Google+

BBC Culture

Talking Books

Toni Morrison: Childhood memories

The Nobel Prize-winner grew up with grizzly tales of the plight of black people in America. In conversation with Razia Iqbal at Hay Festival, she tells how these stories shaped her as a writer.

Toni Morrison was born in Lorain, Ohio in 1931, the second of four children in a working-class family. Storytelling was part of family life. “As a child I had to retell those stories to other adults,” she says. These tales “were pretty much horror stories about life as an African American. They were powerful and highly metaphorical but that’s really what was at the bottom of it.”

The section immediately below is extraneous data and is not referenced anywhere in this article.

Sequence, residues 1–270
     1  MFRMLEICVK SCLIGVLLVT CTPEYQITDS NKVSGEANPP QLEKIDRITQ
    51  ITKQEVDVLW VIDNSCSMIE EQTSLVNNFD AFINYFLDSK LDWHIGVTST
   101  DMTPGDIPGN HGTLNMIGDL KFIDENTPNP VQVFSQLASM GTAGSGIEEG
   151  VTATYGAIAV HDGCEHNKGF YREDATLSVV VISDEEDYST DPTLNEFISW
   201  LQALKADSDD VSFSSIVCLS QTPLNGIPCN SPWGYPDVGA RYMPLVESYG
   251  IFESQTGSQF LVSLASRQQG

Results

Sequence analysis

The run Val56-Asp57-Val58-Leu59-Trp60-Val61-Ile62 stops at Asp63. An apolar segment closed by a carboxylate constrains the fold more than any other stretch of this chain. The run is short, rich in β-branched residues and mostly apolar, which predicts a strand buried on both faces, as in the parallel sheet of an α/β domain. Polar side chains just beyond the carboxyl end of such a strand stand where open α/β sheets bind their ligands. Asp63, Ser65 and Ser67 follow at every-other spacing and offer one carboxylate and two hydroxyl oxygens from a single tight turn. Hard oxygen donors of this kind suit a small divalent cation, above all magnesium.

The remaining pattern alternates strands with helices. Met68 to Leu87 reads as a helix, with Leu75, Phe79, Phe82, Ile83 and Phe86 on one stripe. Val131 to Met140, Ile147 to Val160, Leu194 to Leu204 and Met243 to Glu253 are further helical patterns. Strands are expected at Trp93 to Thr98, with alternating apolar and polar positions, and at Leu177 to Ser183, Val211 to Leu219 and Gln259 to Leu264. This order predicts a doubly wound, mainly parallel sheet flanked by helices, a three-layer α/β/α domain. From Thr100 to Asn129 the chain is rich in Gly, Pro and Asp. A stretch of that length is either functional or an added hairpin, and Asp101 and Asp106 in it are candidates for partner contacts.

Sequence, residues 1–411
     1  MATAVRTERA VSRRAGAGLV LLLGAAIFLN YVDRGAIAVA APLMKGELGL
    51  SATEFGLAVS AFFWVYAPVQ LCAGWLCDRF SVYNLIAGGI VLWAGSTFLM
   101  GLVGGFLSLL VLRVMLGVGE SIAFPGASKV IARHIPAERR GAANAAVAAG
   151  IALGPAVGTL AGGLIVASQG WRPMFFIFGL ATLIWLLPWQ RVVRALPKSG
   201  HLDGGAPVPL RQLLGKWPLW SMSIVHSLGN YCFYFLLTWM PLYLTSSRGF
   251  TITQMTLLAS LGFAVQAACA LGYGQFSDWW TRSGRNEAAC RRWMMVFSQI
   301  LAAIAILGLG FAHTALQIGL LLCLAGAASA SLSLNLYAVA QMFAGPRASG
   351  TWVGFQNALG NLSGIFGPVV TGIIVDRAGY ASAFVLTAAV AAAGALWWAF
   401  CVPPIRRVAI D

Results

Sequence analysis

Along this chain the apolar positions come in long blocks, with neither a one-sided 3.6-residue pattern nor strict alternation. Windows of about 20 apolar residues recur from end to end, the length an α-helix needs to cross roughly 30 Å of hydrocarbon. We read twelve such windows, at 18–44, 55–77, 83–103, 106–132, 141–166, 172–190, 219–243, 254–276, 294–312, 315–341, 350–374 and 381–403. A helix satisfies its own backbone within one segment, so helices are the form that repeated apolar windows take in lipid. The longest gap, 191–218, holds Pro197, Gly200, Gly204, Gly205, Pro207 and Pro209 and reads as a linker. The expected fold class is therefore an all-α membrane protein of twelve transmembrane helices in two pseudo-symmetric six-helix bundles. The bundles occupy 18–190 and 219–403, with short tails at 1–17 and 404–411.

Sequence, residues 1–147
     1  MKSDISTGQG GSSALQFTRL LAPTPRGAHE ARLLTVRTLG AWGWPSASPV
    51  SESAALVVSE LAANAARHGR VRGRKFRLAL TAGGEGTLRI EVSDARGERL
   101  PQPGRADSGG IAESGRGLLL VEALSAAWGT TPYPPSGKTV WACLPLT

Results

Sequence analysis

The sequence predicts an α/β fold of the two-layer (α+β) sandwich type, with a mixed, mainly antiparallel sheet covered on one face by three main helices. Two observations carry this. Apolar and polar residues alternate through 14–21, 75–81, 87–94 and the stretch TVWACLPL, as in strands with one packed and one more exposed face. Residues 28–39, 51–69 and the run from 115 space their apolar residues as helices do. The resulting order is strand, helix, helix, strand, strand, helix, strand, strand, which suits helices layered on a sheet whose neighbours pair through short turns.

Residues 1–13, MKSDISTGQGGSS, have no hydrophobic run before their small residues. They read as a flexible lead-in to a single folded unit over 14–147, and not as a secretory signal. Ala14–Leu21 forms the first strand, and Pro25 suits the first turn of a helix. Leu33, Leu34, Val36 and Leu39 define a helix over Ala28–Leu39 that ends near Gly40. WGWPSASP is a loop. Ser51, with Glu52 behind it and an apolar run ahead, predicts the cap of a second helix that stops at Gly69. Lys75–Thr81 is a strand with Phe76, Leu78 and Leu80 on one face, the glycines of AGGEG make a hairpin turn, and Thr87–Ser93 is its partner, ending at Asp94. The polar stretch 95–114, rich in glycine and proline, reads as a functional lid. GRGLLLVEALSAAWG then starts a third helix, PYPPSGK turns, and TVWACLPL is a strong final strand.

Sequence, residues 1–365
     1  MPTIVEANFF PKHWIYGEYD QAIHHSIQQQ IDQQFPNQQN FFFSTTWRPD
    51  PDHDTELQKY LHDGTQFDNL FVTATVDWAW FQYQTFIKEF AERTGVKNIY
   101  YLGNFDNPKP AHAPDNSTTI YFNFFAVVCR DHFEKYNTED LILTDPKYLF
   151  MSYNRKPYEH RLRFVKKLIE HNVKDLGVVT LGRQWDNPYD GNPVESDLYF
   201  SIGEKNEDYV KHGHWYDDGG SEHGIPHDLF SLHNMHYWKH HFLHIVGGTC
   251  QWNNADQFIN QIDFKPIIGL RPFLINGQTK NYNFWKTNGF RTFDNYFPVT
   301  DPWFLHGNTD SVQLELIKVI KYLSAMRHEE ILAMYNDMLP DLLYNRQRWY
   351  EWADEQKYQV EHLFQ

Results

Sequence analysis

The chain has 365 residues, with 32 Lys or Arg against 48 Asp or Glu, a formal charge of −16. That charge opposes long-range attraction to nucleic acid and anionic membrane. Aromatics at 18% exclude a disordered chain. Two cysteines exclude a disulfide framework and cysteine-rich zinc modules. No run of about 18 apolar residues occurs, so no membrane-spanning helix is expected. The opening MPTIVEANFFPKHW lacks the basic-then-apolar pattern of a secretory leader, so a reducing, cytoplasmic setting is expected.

Morrison’s first novel The Bluest Eye appeared in 1970, and in a long career that has produced such works as Beloved, Song of Solomon and Tar Baby, she has consistently chronicled and investigated the African-American experience. She received the Nobel Prize in Literature in 1993.

She tells Razia Iqbal that as a young writer she felt literature – even ‘black literature’ –was always addressed to a white audience. “And I was determined not to do that,” she says.

If you would like to comment on this story or anything else you have seen on BBC Culture, head over to our Facebook page or message us on Twitter.